Bulgarian Minister Begs Pardon from Top Archaeologist over St. John's Relics Saga

Society » ARCHAEOLOGY | August 11, 2010, Wednesday // 17:08
Bulgaria: Bulgarian Minister Begs Pardon from Top Archaeologist over St. John's Relics Saga Bulgaria's Diaspora Minister Bozhidar Dimitrov (left) has apologized to Prof. Nikolay Ovcharov (right) for criticizing him as part of a supposed group of researchers who doubted the authenticity of the discovered relics of St. John the Baptist. Photos by

Bulgarian Diaspora Minister Bozhidar Dimitrov has issued an apology to only one person for his statements made after the recent discovery of alleged relics of St John the Baptist, which antagonized the archaeologist in the country.

The Diaspora Minister has apologized only to the most famous Bulgarian archaeologist at the moment, Prof. Nikolay Ovcharov, with who he has been tangled in a personal conflict over the last couple of years.

The renewed fight between the two – and the public outrage against the ministers – broke out over Dimitrov’s statements published in a Sofia daily newspaper last week in which he slammed certain archaeologists for being envious of Prof. Kazimir Popkonstantinov, the man who found the relics of St. John the Baptist, and for criticizing Popkonstantinov and Dimitrov himself for celebrating the discovery before carrying out the proper tests.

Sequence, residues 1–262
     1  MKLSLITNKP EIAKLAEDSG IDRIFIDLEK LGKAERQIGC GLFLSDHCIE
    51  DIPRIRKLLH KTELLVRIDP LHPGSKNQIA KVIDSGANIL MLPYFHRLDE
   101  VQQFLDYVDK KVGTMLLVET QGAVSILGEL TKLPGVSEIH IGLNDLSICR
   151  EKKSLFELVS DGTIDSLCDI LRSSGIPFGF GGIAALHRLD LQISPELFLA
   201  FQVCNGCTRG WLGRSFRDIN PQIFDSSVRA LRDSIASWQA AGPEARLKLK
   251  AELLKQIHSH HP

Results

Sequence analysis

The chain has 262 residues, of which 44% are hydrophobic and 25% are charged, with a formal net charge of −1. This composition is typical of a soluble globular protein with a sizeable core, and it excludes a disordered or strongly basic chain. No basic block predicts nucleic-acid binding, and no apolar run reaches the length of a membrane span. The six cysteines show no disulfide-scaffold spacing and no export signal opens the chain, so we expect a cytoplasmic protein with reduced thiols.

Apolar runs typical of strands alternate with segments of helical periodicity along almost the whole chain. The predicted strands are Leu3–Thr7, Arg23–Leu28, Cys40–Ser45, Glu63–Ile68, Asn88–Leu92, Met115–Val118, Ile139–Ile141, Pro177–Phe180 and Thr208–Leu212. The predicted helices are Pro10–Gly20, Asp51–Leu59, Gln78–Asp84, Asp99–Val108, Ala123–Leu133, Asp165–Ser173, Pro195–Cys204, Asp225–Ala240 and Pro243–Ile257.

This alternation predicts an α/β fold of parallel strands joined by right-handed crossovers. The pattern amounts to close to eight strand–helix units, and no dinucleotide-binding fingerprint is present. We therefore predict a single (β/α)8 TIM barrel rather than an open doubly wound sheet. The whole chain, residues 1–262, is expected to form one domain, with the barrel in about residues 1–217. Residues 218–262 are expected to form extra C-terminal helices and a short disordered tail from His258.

“Why, damn it, why, where is all this envy coming from?! This is what I cannot find an explanation with this fucking people, with these fucking colleagues,” the Diaspora Minister and a former Director of the Bulgarian National History Museum, said when expressing his indignation that some of the Bulgarian archaeologists had declared the triumph over the relics of St. John the Baptist premature.

Dimitrov subsequently sought to explain that he did not target anybody in particular with his controversial statements, and that he was generally critical of a group of “anonymous” archaeologists who published statements in the media criticizing the sensational nature of the discovery of the relics of St. John the Baptist in Sozopol last week. He explicitly refused to apologize to anybody for his words and even went ahead with making other controversial statements.


This led to a public condemnation of his statements and ways by the Bulgarian Archaeologists’ Association, and a demand that he should quit politics altogether by his former political home, the Bulgarian Socialist Party.


In a letter to the media on Wednesday, Bozhidar Dimitrov apologized to Prof. Nikolay Ovcharov “for the apparently unfounded suspicion that he is part of the anonymous group of archaeologists who disputed the authenticity of the discovery of the St. John the Baptist relics in Sozopol without having any scientific arguments.”


Dimitrov has motivated his apology with his satisfaction with Ovcharov’s admission on Tuesday about the importance of the Sozopol discovery even though the archaeologist also stated that further tests should be carried out to examine properly the find.